Lewis Cass Blood Drive

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Lewis Cass Blood Drive

Seniors Megan Dishon and Kayla Paul staying happy during the blood drive.

Seniors Megan Dishon and Kayla Paul staying happy during the blood drive.

Seniors Megan Dishon and Kayla Paul staying happy during the blood drive.

Seniors Megan Dishon and Kayla Paul staying happy during the blood drive.

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Lewis Cass does blood drives quite often. Yesterday, the school had its second one of the year. The blood drive is often backed by Mrs. Swanson, an NHS advisor, pressing people to sign up and donate for a good cause. Some of the refreshments were brought in by students and are there to alleviate students’ need for sugar. Mrs. Swanson also allows some students to help out throughout the day by signing people in and being there if needed. Donating blood for about 45 minutes can save about three lives. Currently, the Red Cross is in desperate need for blood and they also encourage people to give blood. The next time you’re available to donate contact the Red Cross for more information.

School board member Matt Lewellen donating blood yesterday

The blood drive does not only benefit many other people, but it also helps the person donating. According to the Amen Clinics, when a person donates, he is lowering his iron levels. Many people eat more iron than needed to maintain good health. By lowering iron levels, a person can reduce his risk of heart disease. High blood iron levels have the potential to increase the risk of this because iron speeds up the oxidation process of cholesterol, which blocks arteries. About 630,000 people die from heart disease each year. The Red Cross says more than 11.7% of adults in the United States have been diagnosed with heart disease in the past. Cardiovascular disease is also possible with high iron levels. It’s a term for the types of diseases that affect the heart. More than 800,000 people die in the United States from this. Donating blood can greatly reduce a person’s risk for many types of heart disease, and keep them healthy.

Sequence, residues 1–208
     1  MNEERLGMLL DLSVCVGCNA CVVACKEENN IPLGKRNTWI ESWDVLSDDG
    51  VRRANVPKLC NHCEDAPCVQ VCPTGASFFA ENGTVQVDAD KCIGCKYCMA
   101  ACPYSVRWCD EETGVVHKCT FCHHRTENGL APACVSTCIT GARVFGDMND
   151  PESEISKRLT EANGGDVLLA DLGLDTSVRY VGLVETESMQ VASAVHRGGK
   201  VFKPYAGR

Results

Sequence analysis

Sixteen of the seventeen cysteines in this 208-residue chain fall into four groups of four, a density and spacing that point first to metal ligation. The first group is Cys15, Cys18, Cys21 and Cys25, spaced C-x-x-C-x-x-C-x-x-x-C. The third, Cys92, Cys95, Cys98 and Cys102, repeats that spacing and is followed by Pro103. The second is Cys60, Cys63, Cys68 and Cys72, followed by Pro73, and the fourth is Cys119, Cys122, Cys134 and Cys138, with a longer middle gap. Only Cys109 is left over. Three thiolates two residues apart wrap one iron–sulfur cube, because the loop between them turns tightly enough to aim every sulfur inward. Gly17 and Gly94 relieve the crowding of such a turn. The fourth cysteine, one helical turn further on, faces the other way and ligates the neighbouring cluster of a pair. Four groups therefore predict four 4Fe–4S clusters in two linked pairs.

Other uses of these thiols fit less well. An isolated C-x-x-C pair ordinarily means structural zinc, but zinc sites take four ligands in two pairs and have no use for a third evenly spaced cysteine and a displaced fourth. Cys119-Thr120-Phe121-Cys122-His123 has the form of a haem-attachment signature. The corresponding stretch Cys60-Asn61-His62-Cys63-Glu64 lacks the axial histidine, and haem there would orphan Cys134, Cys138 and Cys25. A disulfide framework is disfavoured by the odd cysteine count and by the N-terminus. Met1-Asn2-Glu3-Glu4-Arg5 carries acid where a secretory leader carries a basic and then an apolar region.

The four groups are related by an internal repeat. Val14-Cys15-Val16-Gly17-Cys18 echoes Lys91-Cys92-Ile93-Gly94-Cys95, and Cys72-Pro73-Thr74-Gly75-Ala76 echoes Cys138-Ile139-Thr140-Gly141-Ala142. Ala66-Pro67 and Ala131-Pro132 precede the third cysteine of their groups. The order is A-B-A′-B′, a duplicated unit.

The recommended wait period to donate blood is about 56 days. People that donate frequently usually have lowered risks for cancers. Blood donors who donate over a few years have a 33 percent lower risk of a severe stroke and an 88 percent lower risk of heart attacks. After a donation, it takes about four weeks to replace lost blood cells. This recurring process of rejuvenation keeps your body working efficiently. Other things you can do to reduce the risk of cardiovascular disease are to be physically active and control your weight. Reduce sodium levels and increase the fruits and vegetables in diet. If someone is low on iron or underweight, they aren’t able to donate so it is important to keep both levels in check.

Senior Ashli Key and Junior Carl Jay staying for support.

Around 45 students donated yesterday over the course of 5 hours. “It provides students an easy opportunity to be a part of their community because it’s not time-consuming,” said Senior Alex Myers.

One of the main reasons why I like the blood drive is because it is quick and easy. As soon as I entered the room, it took about five minutes to get started. On a good note, most people finish donating in about 20 to 30 minutes. The blood drive is important because it saves lives and helps people in need. I think many people wouldn’t hesitate to take blood so why wouldn’t they donate it too? Anyone that wants to donate again can contact his/her local Red Cross.

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